Newfoundland and Labrador Premier Kathy Dunderdale is stepping down as premier and leader of the province’s Progressive Conservative Party.

Dunderdale said the province's Finance Minister Tom Marshall will be taking on the role of interim premier after her resignation officially takes effect on Friday.

"Ancient Hebrew scriptures teach us that there's a time for everything and a season for every activity under the heavens," Dunderdale said Wednesday morning, from the Confederation Building in St. John's.

"I have discovered that this also applies to public service. Just as you know when it's time to step up, you also know when it is time to step back, and that time for me is now."

Dunderdale, 61, told reporters that she was leaving the province in better shape than when she first took over as leader of the party in 2010. She cited a number of her proudest accomplishments including strengthening the economy, investing in offshore oil exploration and overseeing the Muskrat Falls hydroelectric project.

"Most importantly, on every scale, Newfoundlanders and Labradorians are better off today than when we started," she said.

Dunderdale did not answer reporters' questions following her announcement.

The news comes after backbencher Paul Lane crossed the floor to the Opposition Liberals on Monday. Lane cited Dunderdale's handling of blackouts earlier in January as one of the reasons for his departure.

A combination of bitterly cold temperatures, blizzard conditions and equipment malfunctions caused rolling blackouts in early January. Critics say Dunderdale failed to take control of the ordeal.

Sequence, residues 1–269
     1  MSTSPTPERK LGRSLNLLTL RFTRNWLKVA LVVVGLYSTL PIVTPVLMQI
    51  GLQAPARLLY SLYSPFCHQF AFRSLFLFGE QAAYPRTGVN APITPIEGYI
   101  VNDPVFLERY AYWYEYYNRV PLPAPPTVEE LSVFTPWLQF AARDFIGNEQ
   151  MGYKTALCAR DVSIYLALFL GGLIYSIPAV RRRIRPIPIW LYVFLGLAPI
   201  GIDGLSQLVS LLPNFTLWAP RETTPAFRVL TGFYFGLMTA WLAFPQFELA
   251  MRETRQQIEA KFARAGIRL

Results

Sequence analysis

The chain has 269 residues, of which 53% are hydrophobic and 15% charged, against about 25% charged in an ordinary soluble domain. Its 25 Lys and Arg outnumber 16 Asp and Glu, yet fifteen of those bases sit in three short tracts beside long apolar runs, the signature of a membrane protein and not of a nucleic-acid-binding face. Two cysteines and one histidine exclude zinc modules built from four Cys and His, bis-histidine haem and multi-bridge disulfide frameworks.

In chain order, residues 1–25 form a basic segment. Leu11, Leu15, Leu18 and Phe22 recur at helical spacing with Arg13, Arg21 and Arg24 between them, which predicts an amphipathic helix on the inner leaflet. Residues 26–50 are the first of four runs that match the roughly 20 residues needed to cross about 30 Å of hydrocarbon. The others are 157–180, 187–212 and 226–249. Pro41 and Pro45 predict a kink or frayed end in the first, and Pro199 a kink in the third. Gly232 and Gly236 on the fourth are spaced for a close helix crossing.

Dunderdale’s government has also seen a “steady decline” in polling numbers over the past six months, said James McLeod, a politics reporter for The Telegram in St. John’s.

“And the last month has really been disastrous for the premier,” he told CTV News Channel Wednesday. “There really was a sense within the political world in this province that it was a case of when, not if.”

Lane’s departure comes after MHA Tom Osborne left the Tory caucus in September 2012. Initially Osborne sat as an Independent, but later joined the Liberals.

Following the announcement, Marshall told reporters that it was solely Dunderdale's decision to resign. He praised Dunderdale for her "remarkable" leadership, and for breaking the "glass ceiling" by becoming the province's first female premier.

"She left as she served, with grace and dignity," he said. He added that he will serve as interim premier until the leadership race, but has no plans of running himself.

In a statement issued Wednesday afternoon, Prime Minister Stephen Harper thanked Dunderdale for her service to the province, and noted the frequent collaboration between the federal government and her government during her time as premier.

"I commend Ms. Dunderdale for her public service and wish her the very best in her future endeavours," Harper said.

Former Newfoundland and Labrador premier Danny Williams also issued a statement praising Dunderdale's contributions.

"Political life is never easy and anyone who steps up to the plate deserves to be acknowledged and appreciated for their commitment and work," he said in a statement. Williams also congratulated Marshall, recognizing him as a "dedicated and passionate Newfoundlander and Labradorian.

"He has earned tremendous respect throughout this province and has served in public life with a huge heart for social issues and a great mind for economic policy," Williams said.

Dunderdale took over as leader of the provincial Progressive Conservatives after Williams left politics in 2010. She was re-elected with a majority government in 2011. She will continue to represent the riding of Virginia Waters at the House of Assembly, Marshall said.